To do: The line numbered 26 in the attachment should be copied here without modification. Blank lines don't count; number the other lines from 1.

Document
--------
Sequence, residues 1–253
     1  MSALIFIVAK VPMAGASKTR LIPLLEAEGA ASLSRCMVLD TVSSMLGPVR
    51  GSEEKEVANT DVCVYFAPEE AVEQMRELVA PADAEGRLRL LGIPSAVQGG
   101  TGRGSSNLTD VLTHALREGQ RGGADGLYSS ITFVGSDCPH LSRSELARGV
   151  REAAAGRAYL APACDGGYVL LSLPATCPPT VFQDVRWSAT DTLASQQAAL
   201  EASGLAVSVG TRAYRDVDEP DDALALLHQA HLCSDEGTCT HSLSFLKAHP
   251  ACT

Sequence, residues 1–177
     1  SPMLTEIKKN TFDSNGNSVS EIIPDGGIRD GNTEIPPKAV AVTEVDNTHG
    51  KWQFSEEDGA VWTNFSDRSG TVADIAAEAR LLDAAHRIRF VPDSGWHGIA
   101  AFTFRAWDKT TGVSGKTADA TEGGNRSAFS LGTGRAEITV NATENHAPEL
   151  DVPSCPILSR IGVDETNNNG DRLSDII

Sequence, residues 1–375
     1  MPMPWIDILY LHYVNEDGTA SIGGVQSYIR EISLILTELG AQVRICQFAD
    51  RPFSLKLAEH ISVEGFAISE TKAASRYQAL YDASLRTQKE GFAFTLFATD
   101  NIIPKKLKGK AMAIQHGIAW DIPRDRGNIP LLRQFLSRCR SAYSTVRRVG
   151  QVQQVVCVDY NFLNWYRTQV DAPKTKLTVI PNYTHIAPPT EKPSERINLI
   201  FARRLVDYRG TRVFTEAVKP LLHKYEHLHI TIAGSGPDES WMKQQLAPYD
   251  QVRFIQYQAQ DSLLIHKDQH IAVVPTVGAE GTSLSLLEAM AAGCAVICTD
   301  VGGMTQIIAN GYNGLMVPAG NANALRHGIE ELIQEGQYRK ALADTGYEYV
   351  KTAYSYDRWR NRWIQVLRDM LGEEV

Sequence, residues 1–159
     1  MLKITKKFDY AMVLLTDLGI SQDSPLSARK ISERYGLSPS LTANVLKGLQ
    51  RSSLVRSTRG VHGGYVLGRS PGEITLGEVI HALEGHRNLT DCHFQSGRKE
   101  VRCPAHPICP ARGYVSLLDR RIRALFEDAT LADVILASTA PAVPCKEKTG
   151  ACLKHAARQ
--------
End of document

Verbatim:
   151  ACLKHAARQ